All course Powerpoint lectures and most PDF readings are on Oncourse under the Resources tab.  Class grades will be recorded on the Oncourse gradebook.

All work in the course is conducted in accordance with the University’s academic misconduct policy.  Cheating includes dishonesty of any kind with respect to exams or assignments. Plagiarism is the offering of someone else’s work as your own: this includes taking un-cited material from books, web pages, or other students, turning in the same or substantially similar work as other students, sneaking a peek at the neighbor's exam, or failing to properly cite other research.  If you are suspected of any form of academic misconduct you will be called in for a meeting at which you will be informed of the accusation and given adequate opportunity to respond.  A report will be submitted to the Dean of Students, who will decide on further disciplinary action.  Please consult the University Bulletin’s academic misconduct policy or me if you have any questions.

Be absolutely certain to keep a copy of any emailed assignments you send to me should the email disappear or not arrive at my end, and save every single assignment until grades have been assigned:  Don't just save it on your laptop or one thumb drive, since they can crash, get lost, or be purloined by somebody who undervalues your commitment to education, and do not delete assignments instantly after their due date until their grades have been posted to Oncourse.  If you email me an assignment and do not turn it in during class, you absolutely must keep the sent mail confirmation should the assignment not reach me for whatever reason. 

The Office of Adaptive Educational Services (AES) ensures that students with disabilities receive appropriate accommodations from the University and their professors.  Students must register with the AES office in order to receive such services.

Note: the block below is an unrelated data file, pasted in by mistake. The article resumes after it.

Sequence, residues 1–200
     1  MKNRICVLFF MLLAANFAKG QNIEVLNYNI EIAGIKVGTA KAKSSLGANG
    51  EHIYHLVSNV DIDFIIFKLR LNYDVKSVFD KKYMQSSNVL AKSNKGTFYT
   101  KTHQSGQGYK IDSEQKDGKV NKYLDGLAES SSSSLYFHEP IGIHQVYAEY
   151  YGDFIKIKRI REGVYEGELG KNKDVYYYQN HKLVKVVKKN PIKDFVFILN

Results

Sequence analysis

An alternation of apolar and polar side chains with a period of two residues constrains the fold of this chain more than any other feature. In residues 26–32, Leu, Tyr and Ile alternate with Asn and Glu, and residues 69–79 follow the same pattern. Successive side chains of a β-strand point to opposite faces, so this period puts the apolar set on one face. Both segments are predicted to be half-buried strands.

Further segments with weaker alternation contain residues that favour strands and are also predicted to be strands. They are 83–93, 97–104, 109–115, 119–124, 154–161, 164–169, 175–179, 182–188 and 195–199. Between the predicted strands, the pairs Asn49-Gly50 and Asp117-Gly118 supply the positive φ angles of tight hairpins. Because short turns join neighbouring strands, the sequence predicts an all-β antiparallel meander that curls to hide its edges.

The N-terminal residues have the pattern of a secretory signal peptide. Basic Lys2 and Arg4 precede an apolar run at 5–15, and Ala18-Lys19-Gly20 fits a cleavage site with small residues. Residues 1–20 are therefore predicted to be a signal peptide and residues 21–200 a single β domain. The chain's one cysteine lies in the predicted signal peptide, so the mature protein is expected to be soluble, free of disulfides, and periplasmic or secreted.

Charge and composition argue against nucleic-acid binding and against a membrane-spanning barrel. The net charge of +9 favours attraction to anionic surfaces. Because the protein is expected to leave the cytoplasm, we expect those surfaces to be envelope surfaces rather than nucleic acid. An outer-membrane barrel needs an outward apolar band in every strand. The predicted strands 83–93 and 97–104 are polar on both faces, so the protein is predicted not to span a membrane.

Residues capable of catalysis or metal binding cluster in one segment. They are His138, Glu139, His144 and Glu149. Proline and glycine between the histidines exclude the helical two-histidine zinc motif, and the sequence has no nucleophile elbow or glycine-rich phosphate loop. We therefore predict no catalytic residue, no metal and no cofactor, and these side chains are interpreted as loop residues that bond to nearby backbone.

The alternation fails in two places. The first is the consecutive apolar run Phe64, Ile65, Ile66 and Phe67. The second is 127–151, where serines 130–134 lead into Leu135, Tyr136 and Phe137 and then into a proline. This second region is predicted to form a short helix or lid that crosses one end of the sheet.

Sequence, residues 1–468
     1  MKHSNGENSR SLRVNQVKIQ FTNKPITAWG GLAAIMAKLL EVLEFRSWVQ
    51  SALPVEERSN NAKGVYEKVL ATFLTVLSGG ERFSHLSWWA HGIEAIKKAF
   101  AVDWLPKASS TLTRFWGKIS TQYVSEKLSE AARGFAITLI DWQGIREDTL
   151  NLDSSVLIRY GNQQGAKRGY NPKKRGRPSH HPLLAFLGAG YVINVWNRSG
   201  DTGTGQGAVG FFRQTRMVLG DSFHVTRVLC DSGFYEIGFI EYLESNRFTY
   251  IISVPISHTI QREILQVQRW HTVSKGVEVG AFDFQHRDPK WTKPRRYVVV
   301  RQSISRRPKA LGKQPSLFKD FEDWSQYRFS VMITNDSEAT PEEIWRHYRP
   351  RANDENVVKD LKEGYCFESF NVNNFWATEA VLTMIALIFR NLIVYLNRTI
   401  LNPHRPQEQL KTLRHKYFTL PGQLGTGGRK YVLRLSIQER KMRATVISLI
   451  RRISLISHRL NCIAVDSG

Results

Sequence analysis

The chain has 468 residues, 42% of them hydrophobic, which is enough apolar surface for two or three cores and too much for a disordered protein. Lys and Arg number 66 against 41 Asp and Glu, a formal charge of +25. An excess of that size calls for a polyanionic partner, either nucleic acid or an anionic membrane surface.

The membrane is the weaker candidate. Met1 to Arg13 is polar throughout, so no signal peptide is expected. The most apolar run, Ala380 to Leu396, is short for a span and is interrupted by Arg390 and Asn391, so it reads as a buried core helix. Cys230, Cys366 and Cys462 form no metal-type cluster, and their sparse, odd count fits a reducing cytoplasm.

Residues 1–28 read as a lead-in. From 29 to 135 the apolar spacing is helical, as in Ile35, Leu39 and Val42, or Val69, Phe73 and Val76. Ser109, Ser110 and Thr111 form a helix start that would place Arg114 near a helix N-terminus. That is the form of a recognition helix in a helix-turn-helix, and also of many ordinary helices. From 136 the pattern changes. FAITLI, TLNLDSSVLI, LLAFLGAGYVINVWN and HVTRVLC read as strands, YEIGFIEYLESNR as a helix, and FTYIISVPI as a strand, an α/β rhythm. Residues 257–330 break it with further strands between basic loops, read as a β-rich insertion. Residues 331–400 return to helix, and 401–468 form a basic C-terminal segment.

Portable electronic devices such as cell phones and laptop computers must have their sound turned off before the start of class.  You can use a laptop in class for note-taking but should silence it; I know it is nearly impossible to ignore a Facebook message or email notifications popping up on your laptop or phone, but please do not plan to answer your emails, monitor Twitter, answer texts, and monitor Candy Crush during class.  Please let me know if you expect to need to respond to your phone for specific reasons (e.g., pregnancy monitoring, disabled family, or contact with kids--not to stay in touch with a significant other who just likes to hear your voice, buddies planning the evening pub crawl, and so on).  Anyone whose clever Family Guy ringtone disturbs class will be given a verbal warning on first offense and will be asked to meet with me after class if you can't remember to turn off your phone before class.

The classroom is a safe speech situation in which it is your responsibility to treat other classmates fairly and with mutual respect, even if they have the audacity to disagree with you, champion an opinion that is inconsistent with your worldview, or simply bore you.  Anyone who talks when someone else is talking, is hostile, or otherwise violates classroom etiquette will be considered to be in violation of this policy and will need to meet with me. 

The course material includes numerous advertisements and images from a variety of popular discourses over more than a century, and some of them may strike us individually as ideologically problematic or outright tasteless.  Surprisingly crass images are part of our everyday life and are commonplace in many mass media, but they often pass beneath our consciousness.  However, seeing them projected onto a screen at the front of the classroom several feet high and contemplating these graphics outside the contexts in which they are most often presented can be potentially unsettling.  I do not display images simply for "shock value," but some advertising symbolism may strike many of us as tasteless if not offensive.  It is perfectly reasonable to be offended by some advertising symbolism, but I will always do my best to use specific images to help us think reflectively about precisely what sorts of social meanings are being used to sell goods, even if we may find that symbolism unpleasant.